HOUSTON — Early Monday, ERCOT - or The Electric Reliability Council of Texas -- the agency that oversees the state's electric grid, declared the state of Texas at the highest energy emergency level because of lower power supply and high demand due to extreme low temperatures during the winter storm.
Rotating power outages started across the state. But the outages we're seeing today were caused when the demand started to far exceed the supply, and then the weather started to play a role.
According to ERCOT, between 7 p.m. and 8 p.m., usage reached an all-time high and continued into the evening hours. Then at around 11 p.m. several generators started to go offline because of the freezing temperatures. They also tell us wind turbines were out due to icy buildup.
By 1:45, ERCOT started to call for rolling blackouts.
Monday night's storm led to a new record of more than 69,000 megawatt hours. There just wasn't enough power to supply the grid. Power plants across the state were crippled by the frigid weather.
When ERCOT declared an emergency, CenterPoint, -- the company that delivers the power to Houston-area homes -- had no choice but to start rolling blackouts, and now, the long-lasting outages.
Demand is expected to be a problem throughout the day Monday and Tuesday. ERCOT is asking consumers and businesses that have power to reduce usage as much as possible.
ERCOT won't be able to get the power working again until they get their generators back online. They told us that people without power should expect it to be out through the rest of today and at least the first part of tomorrow.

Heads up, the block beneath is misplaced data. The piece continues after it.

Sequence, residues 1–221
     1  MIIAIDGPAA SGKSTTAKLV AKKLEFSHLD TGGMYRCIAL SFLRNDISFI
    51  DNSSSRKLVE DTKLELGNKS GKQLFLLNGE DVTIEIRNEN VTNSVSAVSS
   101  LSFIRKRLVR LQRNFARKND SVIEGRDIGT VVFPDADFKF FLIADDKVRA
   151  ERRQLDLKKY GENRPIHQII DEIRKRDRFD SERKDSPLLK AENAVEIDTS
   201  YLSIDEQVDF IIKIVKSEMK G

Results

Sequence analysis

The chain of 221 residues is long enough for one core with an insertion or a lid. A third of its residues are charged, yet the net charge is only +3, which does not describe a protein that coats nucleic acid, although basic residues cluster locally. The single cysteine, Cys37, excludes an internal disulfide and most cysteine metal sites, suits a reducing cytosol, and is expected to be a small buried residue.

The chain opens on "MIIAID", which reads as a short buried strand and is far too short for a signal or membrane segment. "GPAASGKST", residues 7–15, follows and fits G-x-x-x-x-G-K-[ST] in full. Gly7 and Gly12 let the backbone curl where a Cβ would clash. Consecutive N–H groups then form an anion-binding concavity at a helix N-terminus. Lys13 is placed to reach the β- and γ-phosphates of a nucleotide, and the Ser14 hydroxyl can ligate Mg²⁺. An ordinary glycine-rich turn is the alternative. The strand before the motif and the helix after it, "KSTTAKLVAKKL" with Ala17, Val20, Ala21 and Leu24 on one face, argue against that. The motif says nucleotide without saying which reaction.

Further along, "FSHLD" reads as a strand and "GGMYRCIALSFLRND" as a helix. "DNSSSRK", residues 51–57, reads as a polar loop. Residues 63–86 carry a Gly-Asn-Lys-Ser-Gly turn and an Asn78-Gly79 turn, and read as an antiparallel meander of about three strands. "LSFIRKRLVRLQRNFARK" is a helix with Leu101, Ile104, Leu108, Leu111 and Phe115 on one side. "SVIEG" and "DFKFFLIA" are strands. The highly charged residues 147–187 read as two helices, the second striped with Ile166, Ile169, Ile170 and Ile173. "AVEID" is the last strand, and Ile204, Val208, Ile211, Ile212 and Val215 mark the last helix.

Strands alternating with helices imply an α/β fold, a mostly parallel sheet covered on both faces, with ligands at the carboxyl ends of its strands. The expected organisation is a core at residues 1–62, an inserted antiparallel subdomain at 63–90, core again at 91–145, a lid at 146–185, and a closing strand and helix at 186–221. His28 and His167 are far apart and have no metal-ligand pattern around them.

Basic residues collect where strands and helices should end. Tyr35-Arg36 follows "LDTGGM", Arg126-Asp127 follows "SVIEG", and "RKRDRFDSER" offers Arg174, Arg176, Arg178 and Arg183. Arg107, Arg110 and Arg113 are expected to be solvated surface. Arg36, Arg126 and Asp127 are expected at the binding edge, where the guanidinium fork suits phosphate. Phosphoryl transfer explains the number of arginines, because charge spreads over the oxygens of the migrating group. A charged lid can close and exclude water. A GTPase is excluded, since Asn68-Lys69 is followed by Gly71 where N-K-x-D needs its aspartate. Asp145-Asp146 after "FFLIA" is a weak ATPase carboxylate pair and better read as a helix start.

CenterPoint Energy tweeted about the process.
Many people have reported their electricity has been since early Monday morning. You can join that Facebook conversation here.
Requests from ERCOT to reduce power usage:
- Turn down thermostats to 68-degrees.
- Close shades and blinds to reduce the amount of heat lost through windows.
- Turn off and unplug non-essential lights and appliances.
- Avoid using large appliances (i.e., ovens, washing machines, etc.).
- Businesses should minimize the use of electric lighting and electricity-consuming equipment as much as possible.
- Large consumers of electricity should consider shutting down or reducing non-essential production processes.
State officials also warn against burn gas appliances inside, as it could lead to carbon monoxide poisoning.
There’s a real possibility of downed power lines, which could be live and dangerous, too. If you see one, you’re urged to call 311.
Gov. Abbott issued a disaster declaration for all 254 counties in the state ahead of the forecasted winter storm. He is also requesting a federal emergency declaration that will help with response to the winter storm as well as post-storm road repair.